Chaplain Writes

The Chaplain writes

The Month of Ma(r)y

Dear Saints,

Our local church is called after Mary the mother of our Lord Jesus Christ. It is, therefore, interesting to note that within the Western Church, especially the Roman Catholic Church, May has been dedicated as the “Month of Mary.” A time set aside to honour St Mary. We are celebrating her life and commitment to God. Her life exemplifies humility, obedience, and unwavering faith, making her a shining example to emulate on our faith journey as fellow believers.

But why the month of May? The Greeks and Romans celebrated spring festivals dedicated to deities who represented fertility and beauty. This was the goddess Flora for the Romans, celebrated during the Floralia festival.

As Christianity spread and integrated into various cultural contexts, these traditional celebrations often took on Christian meanings. The specific association of May with Mary in the Western Churches began more distinctly in the medieval period. However, it was only by the 18th century that the practice of dedicating May to Mary had become more formalised within the Roman Catholic Church.

As Anglicans, May has not specifically been set aside as “Mary’s Month”. In the Evening Prayer liturgy, the “Song of Mary” is one of the set Canticles. It’s a beautiful prayer that reminds us that God is merciful to those who walk in God’s ways, stands up for the poor and marginalised, and encourages us to live the Word of Christ in the world:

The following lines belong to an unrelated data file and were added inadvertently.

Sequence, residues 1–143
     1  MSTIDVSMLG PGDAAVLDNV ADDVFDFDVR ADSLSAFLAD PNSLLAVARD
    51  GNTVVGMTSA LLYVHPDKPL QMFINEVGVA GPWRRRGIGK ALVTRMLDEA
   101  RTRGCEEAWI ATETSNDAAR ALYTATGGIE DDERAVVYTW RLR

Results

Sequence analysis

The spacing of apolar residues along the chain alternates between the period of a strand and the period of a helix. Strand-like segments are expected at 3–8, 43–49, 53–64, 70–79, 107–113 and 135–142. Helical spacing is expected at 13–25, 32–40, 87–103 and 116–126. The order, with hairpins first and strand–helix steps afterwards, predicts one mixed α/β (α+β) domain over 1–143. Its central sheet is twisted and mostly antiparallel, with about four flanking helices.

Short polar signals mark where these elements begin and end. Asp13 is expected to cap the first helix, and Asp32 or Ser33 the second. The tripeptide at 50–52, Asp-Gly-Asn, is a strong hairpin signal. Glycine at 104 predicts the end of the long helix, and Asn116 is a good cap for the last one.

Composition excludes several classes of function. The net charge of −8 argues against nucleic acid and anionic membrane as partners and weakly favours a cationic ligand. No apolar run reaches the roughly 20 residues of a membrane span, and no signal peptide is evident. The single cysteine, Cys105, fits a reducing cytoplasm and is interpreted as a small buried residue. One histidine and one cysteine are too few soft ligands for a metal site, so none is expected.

Magnificat (The Song of Mary)

1 My soul proclaims the greatness of the Lord, my spirit rejoices in God my Saviour; he has looked with favour on his lowly servant.
2 From this day, all generations will call me blessed; the Almighty has done great things for me, and holy is his name.
3 He has mercy on those who fear him, from generation to generation.
4 He has shown strength with his arm and has scattered the proud in their conceit,

5 Casting down the mighty from their thrones and lifting up the lowly.
6 He has filled the hungry with good things and sent the rich away empty.
7 He has come to the aid of his servant Israel to remember his promise of mercy,
8 The promise made to our ancestors, to Abraham and his children forever.
(Luke 1.46-55)

Let us pray these words from our chaplaincy’s matron Saint Mary more fervently and receive inspiration from these words this coming month, as we offer our evening prayer and as we pray for our renewal and transformation and that of the world we live in.

Yours in Christ as always,

Revd Jacque Williams